Home > Blue Christmas (Weezie and Bebe Mysteries #3)(7)

Blue Christmas (Weezie and Bebe Mysteries #3)(7)
Mary Kay Andrews

He frowned. “Is that good?”

“Very good,” I said with a laugh. “And you didn’t even have to put on a tie.”

“Not even for Jonathan,” James said. “Not even for Christmas.”

Jonathan walked up and slung an arm around my shoulder and Daniel’s. “Is he complaining about the damned brown paint again?”

“No,” I said. “He’s congratulating himself on not having to wear a necktie.”

“Well, come on in and get something to eat and drink,” Jonathan said. “Daniel did an amazing job with the food. Those baby lamb chops are to die for.”

“Thanks,” Daniel said.

“Just don’t mention the cost to James,” Jonathan said. “He still thinks cocktail wienies and Cheez Whiz are perfectly acceptable party food.”

“It’s the Foley family curse,” I told Jonathan. “We’re all so tight we squeak when we walk.”

While Daniel went into the kitchen to check on the food, I circulated around, chatting with friends and family.

I found Mama and Daddy seated in the living room, Daddy, looking uncomfortable in his good suit, and Mama wearing her traditional Christmas party outfit, which consisted of a green wool skirt and one of those awful seasonal sweaters she adores—this one featured giant knitted Christmas trees adorned with tiny ornaments that actually lit up and blinked. Unfortunately, two of the blinking red lights were located directly in the middle of her chest, so that from across the room it appeared that her nipples were winking.

“Weezie,” Mama said, reaching out to pull me down beside her on the sofa. “Don’t you look nice tonight!”

I glanced down at my dress and tugged at the neckline. Old habits die hard. “Really? You like this dress?” Mama usually hates my vintage clothes. She can’t understand how I could stand to wear what she calls “dead people’s castoffs.”

“The pin,” Mama said, reaching out and touching the Christmas tree fastened to my stole. “I had a pin like this when you were little. Do you remember?”

I looked down at the pin. “Just like this one?”

She frowned. “Well, no. Mine was sort of gold, with branches, and there were all different colors of pearls on it.”

“Pins like this were really popular years ago,” I told her. “Daniel says his mother had a pin exactly like this one. It was blue and everything.”

“Ohhh,” Mama said. She had a long memory for scandal and remembered everything about the Hoyt Gambrell trial. “Does he ever hear from his mother?”

“No,” I said briefly, already regretting I’d brought up the subject.

“Where is Daniel?” Daddy asked. “Working at the restaurant, is he?”

“He’s here,” I said. “Guale’s catering the food tonight, you know.”

“Nice,” Mama said vaguely. “What do you call that mushy rice stuff they’re serving with the lamb chops?”

“Risotto?”

“Interesting,” Mama said, and then brightening, added, “I brought James one of my famous fruitcakes to serve for dessert. Don’t forget to try a slice.”

“I won’t,” I said, secretly vowing to avoid the cake like the plague. My mother had been a closet alcoholic for most of my life, but after she’d gone through rehab, she’d turned her newfound energy to cooking. Unfortunately, sobriety did nothing to improve her culinary skills.

“I’ve added something new to my fruitcake this year,” Mama confided. Lowering her voice and covering her mouth with her hand, lest someone try to steal her secret ingredient, she whispered it.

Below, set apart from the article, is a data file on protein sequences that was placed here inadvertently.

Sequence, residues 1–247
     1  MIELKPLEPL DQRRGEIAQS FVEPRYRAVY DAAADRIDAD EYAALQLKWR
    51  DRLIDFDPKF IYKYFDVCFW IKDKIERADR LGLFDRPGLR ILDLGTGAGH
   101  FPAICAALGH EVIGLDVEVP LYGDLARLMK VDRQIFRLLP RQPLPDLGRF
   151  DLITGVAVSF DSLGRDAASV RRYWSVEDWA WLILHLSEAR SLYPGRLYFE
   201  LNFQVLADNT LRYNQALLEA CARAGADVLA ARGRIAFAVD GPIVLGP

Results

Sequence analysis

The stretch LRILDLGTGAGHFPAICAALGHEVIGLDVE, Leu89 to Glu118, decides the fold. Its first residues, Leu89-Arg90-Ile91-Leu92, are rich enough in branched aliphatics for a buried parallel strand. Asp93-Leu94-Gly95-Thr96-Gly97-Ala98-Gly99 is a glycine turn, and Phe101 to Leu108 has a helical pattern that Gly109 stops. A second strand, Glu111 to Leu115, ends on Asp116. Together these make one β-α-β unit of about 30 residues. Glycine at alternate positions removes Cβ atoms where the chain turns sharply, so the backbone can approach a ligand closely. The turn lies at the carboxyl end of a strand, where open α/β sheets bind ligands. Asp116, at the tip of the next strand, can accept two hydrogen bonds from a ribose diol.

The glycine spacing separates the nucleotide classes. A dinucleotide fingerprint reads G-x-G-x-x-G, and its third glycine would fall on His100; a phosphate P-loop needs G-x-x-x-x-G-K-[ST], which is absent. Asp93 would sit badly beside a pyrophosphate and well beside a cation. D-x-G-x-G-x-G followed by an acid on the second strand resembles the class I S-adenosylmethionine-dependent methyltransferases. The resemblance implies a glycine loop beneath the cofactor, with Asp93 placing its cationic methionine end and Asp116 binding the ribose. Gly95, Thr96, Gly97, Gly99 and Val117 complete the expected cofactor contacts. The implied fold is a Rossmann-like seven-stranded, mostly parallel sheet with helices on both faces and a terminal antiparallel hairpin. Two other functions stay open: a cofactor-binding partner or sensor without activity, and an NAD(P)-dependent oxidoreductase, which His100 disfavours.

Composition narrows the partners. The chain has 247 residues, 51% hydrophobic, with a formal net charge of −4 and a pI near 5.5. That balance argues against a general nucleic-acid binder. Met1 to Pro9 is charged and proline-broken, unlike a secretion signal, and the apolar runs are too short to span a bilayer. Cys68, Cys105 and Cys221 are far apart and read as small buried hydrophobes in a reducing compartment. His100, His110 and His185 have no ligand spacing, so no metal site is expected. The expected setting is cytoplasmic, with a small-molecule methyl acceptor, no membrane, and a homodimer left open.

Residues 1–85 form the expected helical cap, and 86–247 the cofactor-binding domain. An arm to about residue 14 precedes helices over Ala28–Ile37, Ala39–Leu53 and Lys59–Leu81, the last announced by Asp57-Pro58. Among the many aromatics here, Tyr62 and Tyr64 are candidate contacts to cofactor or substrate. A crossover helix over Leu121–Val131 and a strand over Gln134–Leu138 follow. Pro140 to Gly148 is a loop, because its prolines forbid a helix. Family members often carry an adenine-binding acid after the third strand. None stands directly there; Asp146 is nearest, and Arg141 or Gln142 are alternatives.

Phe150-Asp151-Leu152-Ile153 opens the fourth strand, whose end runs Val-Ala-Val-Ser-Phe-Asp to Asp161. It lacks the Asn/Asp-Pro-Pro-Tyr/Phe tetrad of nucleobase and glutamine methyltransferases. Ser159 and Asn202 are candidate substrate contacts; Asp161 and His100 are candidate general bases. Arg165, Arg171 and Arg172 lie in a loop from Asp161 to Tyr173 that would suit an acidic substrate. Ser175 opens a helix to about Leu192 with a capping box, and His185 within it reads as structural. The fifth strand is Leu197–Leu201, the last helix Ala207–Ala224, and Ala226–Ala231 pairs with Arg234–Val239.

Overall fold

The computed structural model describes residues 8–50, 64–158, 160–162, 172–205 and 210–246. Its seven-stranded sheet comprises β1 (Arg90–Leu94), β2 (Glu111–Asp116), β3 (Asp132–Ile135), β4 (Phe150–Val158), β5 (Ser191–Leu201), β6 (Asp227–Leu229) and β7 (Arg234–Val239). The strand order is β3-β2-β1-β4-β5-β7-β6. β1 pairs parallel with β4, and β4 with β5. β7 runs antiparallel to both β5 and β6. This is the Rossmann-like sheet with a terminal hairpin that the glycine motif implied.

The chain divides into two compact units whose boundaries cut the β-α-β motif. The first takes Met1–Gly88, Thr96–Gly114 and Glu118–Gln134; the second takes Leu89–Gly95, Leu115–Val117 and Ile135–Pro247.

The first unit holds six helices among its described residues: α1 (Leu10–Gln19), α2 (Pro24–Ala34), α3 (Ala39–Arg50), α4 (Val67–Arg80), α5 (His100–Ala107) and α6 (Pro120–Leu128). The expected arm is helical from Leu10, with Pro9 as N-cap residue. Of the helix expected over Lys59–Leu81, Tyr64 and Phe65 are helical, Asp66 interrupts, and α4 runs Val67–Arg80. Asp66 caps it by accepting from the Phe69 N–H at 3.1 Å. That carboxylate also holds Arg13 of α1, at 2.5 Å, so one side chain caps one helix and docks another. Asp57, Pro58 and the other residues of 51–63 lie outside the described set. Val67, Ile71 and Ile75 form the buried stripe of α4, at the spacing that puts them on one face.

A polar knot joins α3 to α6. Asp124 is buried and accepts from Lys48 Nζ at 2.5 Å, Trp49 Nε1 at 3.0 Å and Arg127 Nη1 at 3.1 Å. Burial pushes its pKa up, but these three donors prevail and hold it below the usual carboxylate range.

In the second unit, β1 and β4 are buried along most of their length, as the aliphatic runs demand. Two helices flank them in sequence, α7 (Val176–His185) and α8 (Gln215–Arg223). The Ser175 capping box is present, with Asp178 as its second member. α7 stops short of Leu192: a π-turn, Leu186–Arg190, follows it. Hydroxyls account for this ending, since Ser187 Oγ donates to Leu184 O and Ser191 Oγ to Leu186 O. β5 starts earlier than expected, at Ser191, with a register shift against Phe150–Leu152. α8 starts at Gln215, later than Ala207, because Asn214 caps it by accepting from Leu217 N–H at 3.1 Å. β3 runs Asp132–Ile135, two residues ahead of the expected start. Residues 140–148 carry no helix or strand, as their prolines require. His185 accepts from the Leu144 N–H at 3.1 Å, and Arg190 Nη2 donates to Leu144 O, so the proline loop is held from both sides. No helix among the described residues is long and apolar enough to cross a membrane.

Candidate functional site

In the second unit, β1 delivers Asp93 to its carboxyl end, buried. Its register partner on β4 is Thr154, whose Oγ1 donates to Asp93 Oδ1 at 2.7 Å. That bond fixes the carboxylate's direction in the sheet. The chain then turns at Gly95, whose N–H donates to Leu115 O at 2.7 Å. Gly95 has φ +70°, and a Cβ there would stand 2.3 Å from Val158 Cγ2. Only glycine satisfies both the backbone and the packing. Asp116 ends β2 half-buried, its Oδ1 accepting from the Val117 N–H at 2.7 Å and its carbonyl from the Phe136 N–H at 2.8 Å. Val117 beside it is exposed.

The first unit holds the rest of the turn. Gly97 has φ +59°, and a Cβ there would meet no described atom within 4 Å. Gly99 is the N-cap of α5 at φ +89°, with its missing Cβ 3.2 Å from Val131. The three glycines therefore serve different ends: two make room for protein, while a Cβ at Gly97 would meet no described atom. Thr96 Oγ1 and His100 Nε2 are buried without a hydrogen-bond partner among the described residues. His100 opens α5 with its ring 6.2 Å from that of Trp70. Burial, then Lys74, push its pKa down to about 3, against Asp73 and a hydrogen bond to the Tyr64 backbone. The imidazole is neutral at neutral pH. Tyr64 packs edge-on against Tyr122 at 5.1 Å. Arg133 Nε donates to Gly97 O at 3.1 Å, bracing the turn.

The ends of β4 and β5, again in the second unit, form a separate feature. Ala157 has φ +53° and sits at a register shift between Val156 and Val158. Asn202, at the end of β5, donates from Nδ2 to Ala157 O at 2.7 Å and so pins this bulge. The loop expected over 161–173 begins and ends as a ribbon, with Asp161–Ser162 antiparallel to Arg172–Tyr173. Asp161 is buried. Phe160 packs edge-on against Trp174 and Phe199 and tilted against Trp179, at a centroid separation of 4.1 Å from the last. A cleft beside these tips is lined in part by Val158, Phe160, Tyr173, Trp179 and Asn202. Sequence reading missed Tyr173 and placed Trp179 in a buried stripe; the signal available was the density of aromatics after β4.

“Maple syrup!”

“Really?”

Daddy nodded sadly. “She like to run the IGA out of Aunt Jemima’s.”

“Two dozen cakes,” Mama reported. “It’s a new record. I’ve got yours out in the car, if you want to follow us out when we get ready to leave.”

“I’ll do that,” I promised, getting up. “Well, I better check in with Daniel. He’s got to leave early and get back to the restaurant. They’ve got a couple of big private parties tonight, and he has to put in an appearance.”

“Don’t forget about the cake, now,” Mama chirped. “I’ve only got a dozen left. They’re a big hit this year.”

What, I wondered as I drifted through the rooms, alive with light and laughter, could people be doing with maple-syrup-flavored fruitcakes?

Doorstops. Boat anchors. Bookends.

I found Daniel in the dining room, sprinkling chopped parsley on a chafing dish full of shrimp gumbo.

“Looking good,” I said, giving him a quick kiss.

“You too,” he said absentmindedly.

“Something wrong?” I asked, knowing already that something was.

“There should be a bowl of trifle on the sideboard over there,” he said, pointing at my grandmother’s massive mahogany server. “It was in the kitchen when I first got here, but it’s gone now.”

“Everybody loves your trifle,” I said. “Maybe people just scarfed it all up.”

He shook his head. “No. There were two whole bowls of it in the kitchen. We made enough to serve a hundred. Should have been plenty. And the bowls are gone too.”

“Really?” I went over to the sideboard to investigate. Beside a cut crystal bowl of punch I spotted a silver tray layered with slice after slice of fruitcake. Maple scented.

“Case closed,” I said, reporting back to Daniel. “Marian Foley strikes again.”

“Your mother ate a whole bowl of trifle?”

“I doubt it,” I said. “Yours is afloat in sherry. Mama’s terrified of falling off the wagon. She won’t even take cough syrup anymore. No, I suspect Mama did away with your trifle because it was competing with her fruitcake.”

“No!” Daniel said. “So that’s where that cake came from? I thought it was a gift from one of James’s clients.”

“Afraid not. She told me herself that she’d brought one for the party. That fruitcake is her pride and joy.”

Daniel went over to the aforementioned tray, bent down and sniffed, and grimaced.

“What the hell?”

“Family secret,” I said, crossing my heart. “I’ve been sworn to silence.”

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